Trekkies, perk up your ears, both pointy and regular: We are about to reveal how it all started.
ROME — Trekkies, perk up your ears, both pointy and regular: We are about to reveal how it all started.
Director and producer J.J. Abrams visited the Eternal City on Friday to give a sneak peek of the early years of Capt. James T. Kirk and the other characters who warp around the galaxy in the upcoming "Star Trek" movie.
The prequel, set to open worldwide in May 2009, explores how the starship Enterprise and its iconic crew set out on their interstellar journey, adding a good dose of space battles and dastardly aliens.
"My goal was to make a movie about the emotional lives of these characters," Abrams told reporters. "We've seen a million ships fly by the camera, but nobody is going to care about the ship if they don't care about the people inside."
Abrams hopes the movie, which is aimed at revitalizing the 42-year-old franchise, will appeal not only to die-hard fans but to people who didn't follow the original 1960s adventures of Kirk, the logical alien Spock and their fellow explorers.
"I want fans of Star Trek to come watch it, but the truth is I made the movie for future fans," Abrams said at the presentation in a Rome theater. He and his footage made similar appearances across Europe this week.
"Star Trek" fans — and they are legion — have been eagerly anticipating the movie for more than a year. As excited as they are, however, many have expressed trepidations that the film will be a "reboot" and will reconfigure the fictional history of the "Trek" universe they have followed so ardently.
Abrams and his writers have promised to be faithful to the spirit of "Star Trek" and its fan base. Still, the director of "Mission: Impossible III" and creator of TV's "Lost" and "Alias" acknowledged that he was no Trekkie before starting the project.
"It was never my thing," he said. "I have become a trekker having fallen in love with the characters."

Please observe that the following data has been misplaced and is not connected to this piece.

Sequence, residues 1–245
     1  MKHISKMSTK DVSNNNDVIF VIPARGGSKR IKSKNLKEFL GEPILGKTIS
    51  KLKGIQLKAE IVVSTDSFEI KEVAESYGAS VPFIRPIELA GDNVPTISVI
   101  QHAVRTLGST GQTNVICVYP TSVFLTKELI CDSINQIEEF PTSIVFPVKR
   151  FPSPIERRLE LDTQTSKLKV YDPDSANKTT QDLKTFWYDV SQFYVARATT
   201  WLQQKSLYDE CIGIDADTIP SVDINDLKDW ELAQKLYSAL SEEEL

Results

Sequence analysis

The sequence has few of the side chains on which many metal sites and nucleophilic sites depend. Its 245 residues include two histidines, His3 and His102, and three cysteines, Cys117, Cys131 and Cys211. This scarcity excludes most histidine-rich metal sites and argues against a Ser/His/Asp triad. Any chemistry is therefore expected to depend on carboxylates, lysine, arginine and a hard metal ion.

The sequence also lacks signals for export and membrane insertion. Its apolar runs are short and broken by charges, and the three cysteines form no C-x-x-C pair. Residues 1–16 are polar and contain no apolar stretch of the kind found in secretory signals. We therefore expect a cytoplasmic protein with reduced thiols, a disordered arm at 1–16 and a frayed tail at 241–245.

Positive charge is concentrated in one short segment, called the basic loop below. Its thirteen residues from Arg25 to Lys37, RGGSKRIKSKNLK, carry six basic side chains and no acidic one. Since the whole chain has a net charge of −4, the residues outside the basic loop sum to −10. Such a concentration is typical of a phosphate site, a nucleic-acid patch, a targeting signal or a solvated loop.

The preview and four "Star Trek" scenes were strictly controlled, with security keeping out cameras and other recording devices.
This much we can say: The brash and womanizing Kirk had a less than glorious start to his career, since the film introduces him as a bar-brawling biker in 23rd-century Iowa.
The movie follows the young troublemaker, played by actor Chris Pine, as he meets up with his future crew, getting off to a rocky start with most of them, including Zachary Quinto's edgy and hostile Spock.
The peek given Friday also featured plenty of action sequences, including a hair-raising space dive and a sword duel at high altitude above an alien planet as the crew battle the villains led by Eric Bana.
The movie is also likely to enthrall fans with inside jokes, including a scene that pokes fun at the accent of Russian character Chekov, as well as a cameo by Leonard Nimoy, who reprises his original role appearing as an aging, time-traveling Spock. The original Kirk, actor William Shatner, will not appear in the movie.
In its first incarnation, "Star Trek" ran from 1966 to 1969 before it was canceled. An animated series was made in the 1970s, followed by four sequel series between 1987 and 2005.
The original cast reunited for six feature films between 1979 and 1991 before yielding the big screen to the younger cast of "Star Trek: The Next Generation." But popularity waned, and no "Trek" feature film has been released since 2002.
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